Falsterbo and its surrounding area have long been a summer vacation spot for Swedes. This explains why the golf club was founded in 1909, and is the third oldest of the country. Since 1920 there has also been a major international horse show and competition in Falsterbo every summer, so if you want to go there mid-July, accommodation might be scarce.
Falsterbo GK is a very popular golf course in the summer, as evidenced by the green fee which goes from SKR 450 in the winter (yes, at the southern tip of Sweden and on the coast, you can play all year as a rule of thumb) to SKR 1200 from end June to mid-August, and the latter price is a hefty one anywhere, and in Sweden especially. It is definitely worth the price though.
When I first arrived at the end of the small road leading to Falsterbo and walked to the clubhouse, I first noticed the long row of tiny little seahouses lining the sea side of the driving range. Then I noticed that the small flags on the putting green are pretty unusual: the flagpole is made of wood, not metal or plastic. This golf course immediately looked like a place with traditions and families, and the clubhouse itself, a black-painted wooden building with a weather vane made of the initials FGK, reinforced my impression. Everything inside went very smoothly with a very friendly staff, and we were whisked to the first tee, just outside the clubhouse, where the starter met us, gave us a couple of hints, and off we went… to meet not only with a (mostly) very classic links golf course, but also with the weather links are famous for: soon after our tee off, the wind picked up, and then rain started to come in (not down, as it was going mostly sideways from the sea!). So our experience of Falsterbo was definitely complete, as exhilarating as it should be!
Some have said that the course is not totally a links course because the first three holes have trees, and the next three have water hazards, but I don’t think there is a strict law about that. The ground was definitely sandy and hard, even on the first few holes that are farthest from the sea, and it is not unusual to find marshes after the first rows of dunes. The bunkers have been overhauled over the years to the more “authentic” revetted links style, and the greens were progressively redesigned with more slopes, dips and speed. Pitching the green is often asking for trouble, it is better to pitch in front and let the ball release, “Scottish style”. Last but not least, even though the rough is still rough, the club has decided recently to thin it down a bit so players don’t waste too much time looking for balls, which in turn accelerates the pace of play.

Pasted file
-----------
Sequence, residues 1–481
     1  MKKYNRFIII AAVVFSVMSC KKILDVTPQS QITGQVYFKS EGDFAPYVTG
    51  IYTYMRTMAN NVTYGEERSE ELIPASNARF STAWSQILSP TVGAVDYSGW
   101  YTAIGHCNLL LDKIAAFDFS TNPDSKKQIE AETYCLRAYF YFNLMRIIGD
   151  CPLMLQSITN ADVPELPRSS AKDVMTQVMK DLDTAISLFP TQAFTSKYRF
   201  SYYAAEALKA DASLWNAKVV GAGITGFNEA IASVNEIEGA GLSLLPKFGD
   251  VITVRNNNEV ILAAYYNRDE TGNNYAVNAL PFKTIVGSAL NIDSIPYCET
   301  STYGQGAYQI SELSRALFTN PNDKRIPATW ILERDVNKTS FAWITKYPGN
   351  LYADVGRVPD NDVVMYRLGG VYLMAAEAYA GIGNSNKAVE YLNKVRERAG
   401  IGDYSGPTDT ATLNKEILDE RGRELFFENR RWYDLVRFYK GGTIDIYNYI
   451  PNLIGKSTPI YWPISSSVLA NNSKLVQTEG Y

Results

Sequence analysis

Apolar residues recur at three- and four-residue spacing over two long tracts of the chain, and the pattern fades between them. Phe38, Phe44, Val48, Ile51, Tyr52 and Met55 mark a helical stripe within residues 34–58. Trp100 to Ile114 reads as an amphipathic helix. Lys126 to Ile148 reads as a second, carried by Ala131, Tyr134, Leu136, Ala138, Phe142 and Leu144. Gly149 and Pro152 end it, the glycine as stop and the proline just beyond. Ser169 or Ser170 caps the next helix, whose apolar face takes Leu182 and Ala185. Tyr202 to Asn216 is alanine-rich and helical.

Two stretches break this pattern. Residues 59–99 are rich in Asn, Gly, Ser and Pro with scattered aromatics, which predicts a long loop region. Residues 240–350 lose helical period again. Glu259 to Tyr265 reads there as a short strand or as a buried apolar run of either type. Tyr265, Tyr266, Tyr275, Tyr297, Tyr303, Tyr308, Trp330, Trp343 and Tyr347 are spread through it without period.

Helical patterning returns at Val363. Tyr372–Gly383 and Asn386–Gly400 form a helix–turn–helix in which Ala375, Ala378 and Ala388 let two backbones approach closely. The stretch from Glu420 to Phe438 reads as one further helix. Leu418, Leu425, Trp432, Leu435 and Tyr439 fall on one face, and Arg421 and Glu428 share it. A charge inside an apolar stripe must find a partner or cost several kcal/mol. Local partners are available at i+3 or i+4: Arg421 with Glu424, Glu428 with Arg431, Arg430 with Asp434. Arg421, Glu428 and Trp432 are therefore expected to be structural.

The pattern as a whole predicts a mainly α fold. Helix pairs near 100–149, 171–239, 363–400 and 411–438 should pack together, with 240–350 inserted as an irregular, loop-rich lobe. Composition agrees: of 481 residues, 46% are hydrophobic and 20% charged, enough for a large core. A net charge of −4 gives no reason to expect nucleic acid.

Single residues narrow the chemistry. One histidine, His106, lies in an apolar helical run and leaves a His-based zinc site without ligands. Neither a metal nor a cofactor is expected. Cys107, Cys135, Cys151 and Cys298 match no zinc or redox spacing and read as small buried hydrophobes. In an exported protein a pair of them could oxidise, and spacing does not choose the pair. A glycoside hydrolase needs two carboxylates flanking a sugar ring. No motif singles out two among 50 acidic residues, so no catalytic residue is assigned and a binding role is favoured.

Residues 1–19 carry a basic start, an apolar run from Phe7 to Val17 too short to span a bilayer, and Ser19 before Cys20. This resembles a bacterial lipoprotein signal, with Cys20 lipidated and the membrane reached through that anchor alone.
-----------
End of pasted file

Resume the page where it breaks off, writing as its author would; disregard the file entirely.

I thoroughly enjoyed myself despite being pelted by rain during most of the round (but the fairways and greens held fast and hard), and loved the design, especially the 7th hole, a dog-leg par-four with a cluster of bunkers defending the green just in front of the clubhouse’s terrace; the 8th, a par-three with a big hollow on the left, close to a bunker, which will make the pin placement quite tricky; the 14th, a long par-three with the 1796 lighthouse in the background, and the last two holes of the course coming back to the clubhouse along the dune separating the beach from the golf course. The 18th hole is a shortish par-five with an exquisite green appearing to have been dug out of the sand dune.
The only trouble with this golf club is that the restaurant is too popular. Even with the strong weather we had on the course, there was no room for us to have lunch after the round, too many families there enjoying their Sunday lunch after a walk in the open maritime air of the peninsula!
Date: August 03, 2017